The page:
- Champion’s stance puts F1 chief in awkward position
- ‘I have spent time speaking to human rights experts’
Lewis Hamilton said: ‘ I do not think we should be going to these countries and just ignoring what is happening.’ Photograph: AFP
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Lewis Hamilton has stated his belief that Formula One can no longer ignore human rights issues in the countries it visits, putting the sport’s chief executive, Stefano Domenicali, in an awkward position after he rejected calls to launch an independent inquiry into alleged human rights abuses associated with the Bahrain Grand Prix.
The F1 world champion was speaking before the season-opening race in Bahrain and was unequivocal in a stance he first displayed last year. “There are issues all around the world but I do not think we should be going to these countries and just ignoring what is happening in those places, arriving, having a great time and then leaving,” said Hamilton, before revealing that he takes the situation in Bahrain so seriously that he has spent the past few months educating himself on it.
“Coming here all these years I was not aware of all of the details of the human rights issues. I have spent time speaking to legal human rights experts, to human rights organisations like Amnesty,” the 36-year-old said. “I have been to see the UK ambassador here in Bahrain and spoken to Bahraini officials also. At the moment the steps I have taken have been private and I think that is the right way to go out about it but I am definitely committed to helping in any way I can.”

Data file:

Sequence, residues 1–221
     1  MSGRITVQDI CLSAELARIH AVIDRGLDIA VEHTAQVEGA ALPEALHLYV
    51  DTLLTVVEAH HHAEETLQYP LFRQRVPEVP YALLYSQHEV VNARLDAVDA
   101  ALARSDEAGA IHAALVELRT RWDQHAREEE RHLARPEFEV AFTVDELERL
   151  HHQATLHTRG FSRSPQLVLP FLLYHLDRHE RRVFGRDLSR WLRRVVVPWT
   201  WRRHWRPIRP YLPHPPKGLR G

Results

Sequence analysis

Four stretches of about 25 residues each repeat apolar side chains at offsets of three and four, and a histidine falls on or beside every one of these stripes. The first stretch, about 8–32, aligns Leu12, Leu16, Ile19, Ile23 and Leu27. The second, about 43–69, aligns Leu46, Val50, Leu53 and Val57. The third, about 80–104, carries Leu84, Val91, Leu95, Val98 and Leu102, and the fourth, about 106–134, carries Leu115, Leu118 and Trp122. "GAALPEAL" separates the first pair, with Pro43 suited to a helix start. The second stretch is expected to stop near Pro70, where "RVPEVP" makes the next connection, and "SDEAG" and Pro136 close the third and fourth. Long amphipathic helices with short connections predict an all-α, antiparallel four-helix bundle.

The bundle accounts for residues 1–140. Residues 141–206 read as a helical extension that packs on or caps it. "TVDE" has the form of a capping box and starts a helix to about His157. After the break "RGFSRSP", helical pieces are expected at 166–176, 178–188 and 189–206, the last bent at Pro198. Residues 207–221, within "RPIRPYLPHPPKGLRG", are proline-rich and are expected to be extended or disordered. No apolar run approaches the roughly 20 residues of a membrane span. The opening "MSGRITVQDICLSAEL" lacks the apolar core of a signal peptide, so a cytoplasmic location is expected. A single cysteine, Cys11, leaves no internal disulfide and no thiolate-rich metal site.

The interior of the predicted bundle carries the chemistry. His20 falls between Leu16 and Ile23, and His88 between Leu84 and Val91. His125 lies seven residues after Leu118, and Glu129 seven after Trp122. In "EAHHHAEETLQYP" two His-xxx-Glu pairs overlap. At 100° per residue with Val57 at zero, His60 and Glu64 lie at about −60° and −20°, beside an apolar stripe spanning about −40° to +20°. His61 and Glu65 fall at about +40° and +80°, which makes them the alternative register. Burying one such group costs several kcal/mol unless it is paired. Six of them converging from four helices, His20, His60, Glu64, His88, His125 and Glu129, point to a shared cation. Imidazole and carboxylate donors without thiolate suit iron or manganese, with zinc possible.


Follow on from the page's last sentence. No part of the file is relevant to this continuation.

Hamilton has become an increasingly vocal campaigner, seen most strikingly with his support for the Black Lives Matter movement last year, and his latest backing for a cause is sure to draw similar attention. It is unlikely to go down well with Domenicali, however. It was last Friday that the Italian, who become F1’s chief executive in September, rejected calls for an inquiry in Bahrain, having been encouraged to establish one in a letter sent to him, the teams, the FIA and Hamilton by a group of 61 British MPs and a coalition of 24 human rights groups, led by the Bahrain Institute for Rights and Democracy (Bird).
“It is important to make clear that Formula 1 is not a cross-border investigatory organisation,” Domenicali wrote in response. “We are a sports rightsholder that has the important job of promoting our sport across the world in line with the policies I have set out. Unlike governments and other bodies we are not able to undertake the actions you request, and it would not be appropriate for us to pretend we can.”
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F1’s response was dismissed by Sayed Ahmed Alwadaei, Bird’s director of advocacy. “We simply do not accept that a multimillion-pound business doesn’t have the resources or capacity to establish such an inquiry,” he said. “F1 should urgently review their position.”
On Thursday the Bahraini government issued a statement responding to the call for an inquiry by insisting it had put in place “internationally recognised human rights safeguards”.